Great excitement yesterday about Lord K’s rumoured resignation. It was actually in our edition of the evening paper, and then contradicted. He has now disappeared for 3 weeks and Asquith has reappeared in the War Office.

I hope you are well and have a fairly comfortable dug-out, if you are still in Gallipoli.

Yrs
R A Ingram


Letters to Ralph Glyn (D/EGL/C24)

“Blow the Turks to blazes – then give it them again”

General Callwell wrote to Ralph Glyn to inform him about the appointment of Sir Charles Monro to review the Dardanelles campaign with a view to possible withdrawal. Callwell had some ideas of his own about booby trapping the deserted trenches.

War Office

23rd October 1915

My dear Ralph

Your new Chief and his CGS, Belinda, went off yesterday and will have reached the Dardanelles some days before this does. I did not see them at the end before they went, which I am sorry for as there were several things to tell them. I meant to have spoken to Bell about you among other things and about George Lloyd, but have written to him by this bag on these and other subjects.

It will be most interesting to hear their verdict. Sir Ian [Hamilton] and Braithwaite arrived last night but I have not seen them yet. Monro clearly did not like the job as he saw it on paper, but he may like it better on the spot. It will be up to him to decide whether to go ahead, to hang on, or to clear out, and if he decides on the latter he will have to make preparations at once.
I am not a scientific body, but if I was going to retreat from such a position I should insist upon having the stuff for mines – the explosives and the wire and the batteries – on a Homeric scale. And I would blow the Turks to blazes if they tried to come into my trenches when I left them – a mine to every 10 yards and power to touch them off alternately. It would be no good to fire all your mines and have them coming on in a quarter of an hour and manning the craters. You want to be able to give it them again.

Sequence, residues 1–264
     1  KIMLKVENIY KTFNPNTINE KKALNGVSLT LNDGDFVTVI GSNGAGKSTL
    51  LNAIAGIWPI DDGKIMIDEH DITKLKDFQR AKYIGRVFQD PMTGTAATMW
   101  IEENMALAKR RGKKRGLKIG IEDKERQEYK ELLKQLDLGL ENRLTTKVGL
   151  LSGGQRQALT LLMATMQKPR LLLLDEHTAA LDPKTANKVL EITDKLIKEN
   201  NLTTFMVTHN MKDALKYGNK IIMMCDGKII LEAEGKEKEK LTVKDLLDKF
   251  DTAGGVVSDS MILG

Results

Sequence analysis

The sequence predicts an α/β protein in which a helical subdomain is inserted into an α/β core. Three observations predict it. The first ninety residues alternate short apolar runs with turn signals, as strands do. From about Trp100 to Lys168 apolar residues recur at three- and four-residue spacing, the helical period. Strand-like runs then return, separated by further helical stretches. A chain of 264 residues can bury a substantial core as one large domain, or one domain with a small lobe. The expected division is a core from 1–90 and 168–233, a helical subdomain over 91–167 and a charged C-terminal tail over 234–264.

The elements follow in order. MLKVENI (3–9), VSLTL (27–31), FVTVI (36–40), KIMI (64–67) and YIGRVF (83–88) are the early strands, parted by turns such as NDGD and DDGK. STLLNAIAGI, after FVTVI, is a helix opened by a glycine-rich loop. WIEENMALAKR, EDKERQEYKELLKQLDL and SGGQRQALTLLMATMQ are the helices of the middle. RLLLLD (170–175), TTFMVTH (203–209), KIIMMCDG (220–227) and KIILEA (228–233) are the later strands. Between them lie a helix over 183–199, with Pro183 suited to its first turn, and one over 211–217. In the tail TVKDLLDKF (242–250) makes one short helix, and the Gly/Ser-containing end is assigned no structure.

Also if I was going to quit at night I should expect the warships to stop the enemy firing by giving searchlight to any extent. At a place like Anzac the enemy on the top of the bluff could be absolutely blinded and the lights that were doing this would at the same time be affording, below their direct rays, just enough light to the troops embarking for them to see what they were doing. However Monro may decide to go on with the business.

Political affairs here are very unsettled. I think about the only thing the Cabinet are agreed in is their desire to unship K. Carson is a great loss and it will be very difficult for them to hang together much longer. I do not think that you will have lost much by not going to Salonika; the Serbs are sure to be mopped up before the French and we can do anything that is any use in that quarter. The French have indeed rushed into the business very much against the wishes even of the War Council, which is capable of almost any folly.
Although things look bad there is every symptom now of the Boshes [sic] becoming discouraged. The Russians terrify them in spite of their superior armament, and they have been losing very heavily in the west.

Take care of yourself and believe me
Ever yours

Chas E Callwell

Letter from General Callwell to Ralph Glyn (D/EGL/C24)